The numbers: U.S. pending-home sales fell in July by 1% , according to the monthly index released Wednesday by the National Association of Realtors.
Analysts polled by the Wall Street Journal had forecast the pending home sales index to drop by 3%.
Sales dropped for the second month in a row in July. In June, pending home sales fell by 8.6%. This is also the eighth time pending home sales have fallen in the last nine months.
The index reflects transactions where the contract has been signed for an existing-home sale, but the sale has not yet closed.
Economists view it as an indicator for the direction of existing-home sales in subsequent months.
The drop in pending home sales follows weaker data on the new home and existing home sales fronts, as well as a dip in mortgage application activity.
Key details: Compared with a year earlier, transactions were down 19.9%.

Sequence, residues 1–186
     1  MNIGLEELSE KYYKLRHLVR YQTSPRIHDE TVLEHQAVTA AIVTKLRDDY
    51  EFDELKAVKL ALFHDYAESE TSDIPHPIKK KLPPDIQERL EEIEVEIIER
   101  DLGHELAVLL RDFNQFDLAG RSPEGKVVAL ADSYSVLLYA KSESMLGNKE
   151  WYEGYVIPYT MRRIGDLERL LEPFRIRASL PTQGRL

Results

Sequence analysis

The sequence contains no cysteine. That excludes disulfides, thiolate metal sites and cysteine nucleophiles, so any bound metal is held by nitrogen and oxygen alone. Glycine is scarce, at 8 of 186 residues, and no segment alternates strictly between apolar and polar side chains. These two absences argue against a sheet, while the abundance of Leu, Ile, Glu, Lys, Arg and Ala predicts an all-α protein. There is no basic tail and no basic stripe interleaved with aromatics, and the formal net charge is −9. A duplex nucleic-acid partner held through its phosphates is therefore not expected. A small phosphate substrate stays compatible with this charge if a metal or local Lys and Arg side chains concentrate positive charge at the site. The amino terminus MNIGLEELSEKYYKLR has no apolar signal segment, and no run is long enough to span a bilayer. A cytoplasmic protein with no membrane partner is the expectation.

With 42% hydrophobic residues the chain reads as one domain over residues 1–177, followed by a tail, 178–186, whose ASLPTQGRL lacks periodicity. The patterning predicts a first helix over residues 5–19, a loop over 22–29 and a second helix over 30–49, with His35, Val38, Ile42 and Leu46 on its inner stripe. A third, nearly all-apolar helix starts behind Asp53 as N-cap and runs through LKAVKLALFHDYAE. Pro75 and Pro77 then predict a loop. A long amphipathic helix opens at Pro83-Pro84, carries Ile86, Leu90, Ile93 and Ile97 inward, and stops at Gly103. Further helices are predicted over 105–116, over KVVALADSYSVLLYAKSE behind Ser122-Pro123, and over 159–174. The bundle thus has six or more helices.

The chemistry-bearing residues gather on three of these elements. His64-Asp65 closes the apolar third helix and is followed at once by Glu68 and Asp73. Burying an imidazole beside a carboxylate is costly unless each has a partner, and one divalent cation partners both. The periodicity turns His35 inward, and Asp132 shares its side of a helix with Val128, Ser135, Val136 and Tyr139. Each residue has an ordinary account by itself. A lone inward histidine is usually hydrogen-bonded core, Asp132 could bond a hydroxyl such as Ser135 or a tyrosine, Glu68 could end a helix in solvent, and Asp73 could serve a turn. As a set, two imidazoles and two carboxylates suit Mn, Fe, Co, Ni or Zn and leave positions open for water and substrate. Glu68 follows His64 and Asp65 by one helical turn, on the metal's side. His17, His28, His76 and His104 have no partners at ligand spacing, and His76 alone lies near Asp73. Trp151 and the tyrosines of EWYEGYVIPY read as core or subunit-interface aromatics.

Pending sales fell in three of the four major regions, but activity increased in the West slightly.
Big picture: Housing market activity has stalled since the Federal Reserve raised interest rates.
Sellers are finding it harder to find buyers in many markets, as potential homebuyers continue to pull back as the economic outlook remains uncertain, and mortgage rates edge higher.
More buyers are also backing out of deals, Redfin noted.
Consequently, home prices have already begun to slow, and even fall, in some parts of the country.
What the realtors said: “In terms of the current housing cycle, we may be at or close to the bottom in contract signings,” NAR Chief Economist Lawrence Yun said.
The smaller drop this month as compared to the previous likely reflects mortgage rates stabilizing, Yun added.
But housing affordability has plunged to the lowest level since 1989, the NAR noted. For a household taking out a 30-year fixed-rate mortgage with a 20% down payment, the monthly payment for a typical home has increased by 54% from a year ago to $1,944, they said.
Yun expects home price appreciation to slow to 5% by the end of this year and into 2023.
Market reaction: The Dow Jones Industrial Average
and the S&P 500
were both slightly down in early trading on Wednesday. The yield on the 10-year Treasury note
rose above 3.05% during early trading on Wednesday.